What will finally emerge is hard to predict, except that a return to the past seems unlikely. Iraq’s Kurds can only be dislodged by a major invasion from Turkey in cooperation with the Baghdad government. Given that Kurdish oil and gas are increasingly important to the Turkish economy, and that any invasion would be costly, why would Ankara do that?
And cooperation between Baghdad and Ankara has been soured by Turkey’s willingness to ignore Baghdad’s protests over its exploitation of Kurdish-controlled (but Iraqi-owned) oil and Turkish support for the Sunni extremists trying to overthrow Assad. Those same extremists are massacring Shiite supporters of the Maliki government in Basra, Baghdad, and Karbala.
Turkey’s Kurds—between 20 and 25 million, the largest Kurdish concentration in the world—are on a knife’s edge. There is little doubt that the average Turkish Kurd wants the long-running conflict to end, as do the Turks as well. But Erdogan is dragging his feet on the key peace issues, and the PKK may decide it is time to pick up the gun again and return to the old Kurdish adage: trust only the mountains.
The solution to all this is not all that difficult.
For Turkey, granting Kurdish language rights and cultural autonomy, and reducing the minimum percentage of votes to serve in the Turkish parliament from its current 10 percent, would probably do the job.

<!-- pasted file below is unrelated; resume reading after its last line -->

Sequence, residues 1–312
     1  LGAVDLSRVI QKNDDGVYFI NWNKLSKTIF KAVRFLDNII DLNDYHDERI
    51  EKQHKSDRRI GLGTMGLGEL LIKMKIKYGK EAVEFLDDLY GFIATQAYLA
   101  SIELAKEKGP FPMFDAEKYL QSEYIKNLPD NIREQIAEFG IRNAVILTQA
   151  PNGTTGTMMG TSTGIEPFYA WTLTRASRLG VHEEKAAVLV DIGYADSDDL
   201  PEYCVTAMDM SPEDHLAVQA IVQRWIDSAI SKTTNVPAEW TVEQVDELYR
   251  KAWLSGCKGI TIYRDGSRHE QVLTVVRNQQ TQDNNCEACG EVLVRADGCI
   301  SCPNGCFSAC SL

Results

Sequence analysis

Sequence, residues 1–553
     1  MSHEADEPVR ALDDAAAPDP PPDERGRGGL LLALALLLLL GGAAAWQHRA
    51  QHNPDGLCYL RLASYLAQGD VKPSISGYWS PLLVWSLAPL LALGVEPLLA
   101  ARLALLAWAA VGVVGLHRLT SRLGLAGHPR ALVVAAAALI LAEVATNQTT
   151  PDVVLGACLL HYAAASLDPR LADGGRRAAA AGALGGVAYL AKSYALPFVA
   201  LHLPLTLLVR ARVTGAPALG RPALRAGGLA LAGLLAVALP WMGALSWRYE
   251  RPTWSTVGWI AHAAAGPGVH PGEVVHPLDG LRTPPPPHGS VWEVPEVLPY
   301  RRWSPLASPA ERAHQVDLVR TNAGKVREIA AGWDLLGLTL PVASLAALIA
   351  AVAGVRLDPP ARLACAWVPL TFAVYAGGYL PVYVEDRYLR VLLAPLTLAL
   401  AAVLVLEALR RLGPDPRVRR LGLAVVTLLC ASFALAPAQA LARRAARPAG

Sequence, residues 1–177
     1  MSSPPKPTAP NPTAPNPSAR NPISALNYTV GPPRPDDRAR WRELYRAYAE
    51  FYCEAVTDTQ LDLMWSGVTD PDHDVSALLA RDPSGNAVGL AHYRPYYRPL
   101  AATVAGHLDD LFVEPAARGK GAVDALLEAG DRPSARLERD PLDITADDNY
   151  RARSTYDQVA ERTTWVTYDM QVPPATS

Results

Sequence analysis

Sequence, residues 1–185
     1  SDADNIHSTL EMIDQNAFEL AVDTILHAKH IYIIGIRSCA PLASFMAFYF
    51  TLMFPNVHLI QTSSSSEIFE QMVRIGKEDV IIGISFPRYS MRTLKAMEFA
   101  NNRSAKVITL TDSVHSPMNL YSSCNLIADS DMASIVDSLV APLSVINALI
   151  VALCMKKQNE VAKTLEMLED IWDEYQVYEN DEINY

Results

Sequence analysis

For Syria, the formula for peace would be much the same, with the added move of restoring citizenship to almost half a million now stateless Kurds. But that is only likely to happen after a ceasefire and a political settlement of the civil war.
The Iraqi government will have to bite the bullet, recognize that an autonomous Kurdish area is a reality, and work out a deal to share oil and gas revenue.
As long as Iran is faced with an attack by the United States or Israel, its Kurds will be out in the cold. Washington and its allies should keep in mind that sanctions and threats of war make any peaceful resolution of long-standing grievances for Iran’s minorities—which also include Azeris, Baluchs, and Arabs—impossible. If the United States is truly concerned about minorities in Iran, it should find a way to negotiate with Tehran over its nuclear program.
But the Iranian government, too, would do well to seriously engage with its Kurdish population. Autonomy for the Kurds is out of the bag and not about to go back in, regardless of what the final outcomes in Syria and Turkey are. Sooner or later, Iran will have to confront the same decision that governments in Damascus, Ankara, and Baghdad now face: recognition and autonomy, or war and instability.